Ruchira recalls the year gone by with mixed feelings. She moves from the individual to the social and political realms, exploring the many layers, in the Special Feature, exclusively in Different Truths.
2017 has been a fairly good year. Good because, on the personal front, there were no mishaps, sickness or bereavements. On the contrary, there was a string of reunions with friends and dear ones. Early in the year, I met up with two of my childhood buddies –we had been neighbors and classmates since our Guwahati days – after almost three decades! It was a whopping reunion. Our progeny was dumbstruck about how our ties had remained alive for so long. Another friend who lives in Muscat, Oman was on a
holiday in her homeland, and we got together after twenty-five years! Besides, there was a grand, gala, family wedding, where I ended up meeting at least half a dozen more of friends and relatives after a fairly long gap.
Happily, for us, the daughter has graduated as a physiotherapist from Delhi University. We silently send our prayers to the Almighty to guide her as she begins exploring new territories. We had an occasion to travel south- to enjoy the sun, sea sands. We were hosted- again by a very dear friend of mine. Standing on the beach at land’s end, watching the surging, frothy waters of the three oceans was awesome. Then there was the usual fare –watching some landmark films and reading a few good books, both my
Fortunately, summer of 2017 was not grueling; also there was some amount of relief for the Dilliwalahs since power outages were minimal and short-lived. However, our own little area in East Delhi was plagued by the man-made water crisis in late summer. What with the CMs of Haryana and Delhi squabbling over river waters, we, the humble, ordinary folks had a tough time.
In a broader perspective, the year has been worrisome. The social fabric being torn asunder by feuds, factions, ill-will, and mistrust between communities. The moral guardian a.k.a saffron brigade had a field day as did the cow vigilantes; old regimes were replaced by new regimes, a ban imposed on illegal abattoirs etc. Why, oh why, were people associated with the meat industry made to face hardships? Pray doesn’t the honourable brigade realize, this will ruin the country’s leather industry? Where will
fashionable femmes (of all backgrounds) procure fancy leather bags to flaunt at social-do s? Will they settle for ethnic potli and/or jhola? If cow leather is hard to get what will aam janata and others wear – hawai chappals or wooden clogs (khadau)? Tsk Tsk!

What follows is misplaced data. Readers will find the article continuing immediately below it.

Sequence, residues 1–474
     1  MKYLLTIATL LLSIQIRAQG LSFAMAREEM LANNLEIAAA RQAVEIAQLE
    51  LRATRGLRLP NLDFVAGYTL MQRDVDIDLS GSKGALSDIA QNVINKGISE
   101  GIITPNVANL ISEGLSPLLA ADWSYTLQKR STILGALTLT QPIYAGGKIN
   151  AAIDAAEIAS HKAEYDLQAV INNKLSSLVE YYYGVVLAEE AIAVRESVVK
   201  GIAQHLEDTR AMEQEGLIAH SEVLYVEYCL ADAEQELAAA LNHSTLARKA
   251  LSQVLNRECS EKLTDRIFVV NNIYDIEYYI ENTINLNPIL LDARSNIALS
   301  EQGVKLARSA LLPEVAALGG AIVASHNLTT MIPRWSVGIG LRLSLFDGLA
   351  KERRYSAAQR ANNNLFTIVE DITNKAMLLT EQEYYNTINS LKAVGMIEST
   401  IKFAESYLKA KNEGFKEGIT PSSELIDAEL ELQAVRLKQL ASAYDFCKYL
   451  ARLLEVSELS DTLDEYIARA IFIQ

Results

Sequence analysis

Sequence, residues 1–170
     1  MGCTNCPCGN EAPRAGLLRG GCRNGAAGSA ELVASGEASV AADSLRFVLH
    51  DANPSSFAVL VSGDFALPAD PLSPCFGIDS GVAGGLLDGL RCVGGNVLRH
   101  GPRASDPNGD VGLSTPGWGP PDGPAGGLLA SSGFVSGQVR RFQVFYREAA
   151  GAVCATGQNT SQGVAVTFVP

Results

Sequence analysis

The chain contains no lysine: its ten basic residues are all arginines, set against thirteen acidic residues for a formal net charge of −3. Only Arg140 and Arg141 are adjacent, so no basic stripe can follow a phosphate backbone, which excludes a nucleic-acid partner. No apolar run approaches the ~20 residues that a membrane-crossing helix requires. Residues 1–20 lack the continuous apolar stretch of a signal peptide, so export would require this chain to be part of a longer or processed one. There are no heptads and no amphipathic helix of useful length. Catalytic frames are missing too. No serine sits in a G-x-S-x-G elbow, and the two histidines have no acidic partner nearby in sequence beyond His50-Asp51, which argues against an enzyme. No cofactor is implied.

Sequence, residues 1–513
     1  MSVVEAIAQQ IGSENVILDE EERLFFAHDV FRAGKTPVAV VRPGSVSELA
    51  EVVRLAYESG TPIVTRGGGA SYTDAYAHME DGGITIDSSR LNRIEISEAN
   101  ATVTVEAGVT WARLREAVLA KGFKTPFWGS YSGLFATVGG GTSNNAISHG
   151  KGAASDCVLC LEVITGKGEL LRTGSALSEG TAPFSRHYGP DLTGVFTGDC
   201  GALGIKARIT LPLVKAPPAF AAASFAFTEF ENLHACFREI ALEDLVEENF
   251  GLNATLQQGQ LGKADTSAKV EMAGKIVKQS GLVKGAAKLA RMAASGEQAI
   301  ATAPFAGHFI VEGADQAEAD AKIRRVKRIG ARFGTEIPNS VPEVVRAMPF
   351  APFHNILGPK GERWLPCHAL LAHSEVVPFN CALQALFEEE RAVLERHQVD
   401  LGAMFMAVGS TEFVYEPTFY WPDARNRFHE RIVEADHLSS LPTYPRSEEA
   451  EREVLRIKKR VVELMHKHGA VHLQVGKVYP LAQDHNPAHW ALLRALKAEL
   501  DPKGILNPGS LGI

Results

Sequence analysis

Talking of cattle, wonder why stray cattle loiter on the streets of major towns and cities including the national capital, causing serious transport menace? I mean shouldn’t the venerable gau matas spend the last years of their lives comfortably at home? Alas, all that the thankless children do is turn their bovine mothers/ grandmothers out on the streets to starve and die.
Politically, thorough the entire year, the main opposition has been facing torrents of jibes and ridicule from the incumbent government and the august brigade. Agreed all parties have their fair share of flaws, corruption et al. However, to give the devil his due, the UPA regime never peeped looked into the cooking pots of ordinary folks, or spell out where/whom to worship, who to date or marry? Is this the secular nation that the world has known India to be? Why is there so much hullaballoo about Love Jihad, conversion, and reconversion when several prominent political figures in the ruling party (also part
of the brigade) have wives from other communities? Shouldn’t they focus on developmental projects to undertake rather than keeping a tap on who goes to a temple, church mosque or synagogue or who buys veal which later turns out to be chicken?
I am an ordinary citizen; I do not follow political changes and upheavals too well, but as an educated and sensitive human being I am deeply pained by such malpractices and atrocities. Never in the fifty odd years of my life have I witnessed zero tolerance for faith other than one’s own. It hurts, and badly to find your near and dear ones from diverse communities crouching in fear, wondering what lies in store for them. Since ancient times India has been a Carrefour for divergent cultures, ethnic groups, faith and
traditions. Therefore, attempts to turn it into a Hindu nation are bound to be an exercise in futility.
As we stand on the brink of a New Year, let us all utter just a simple prayer: Shanti
Shanti Shanti. Let peace pervade in 2018!
©Ruchira Adhikari Ghosh
Photos from the Internet
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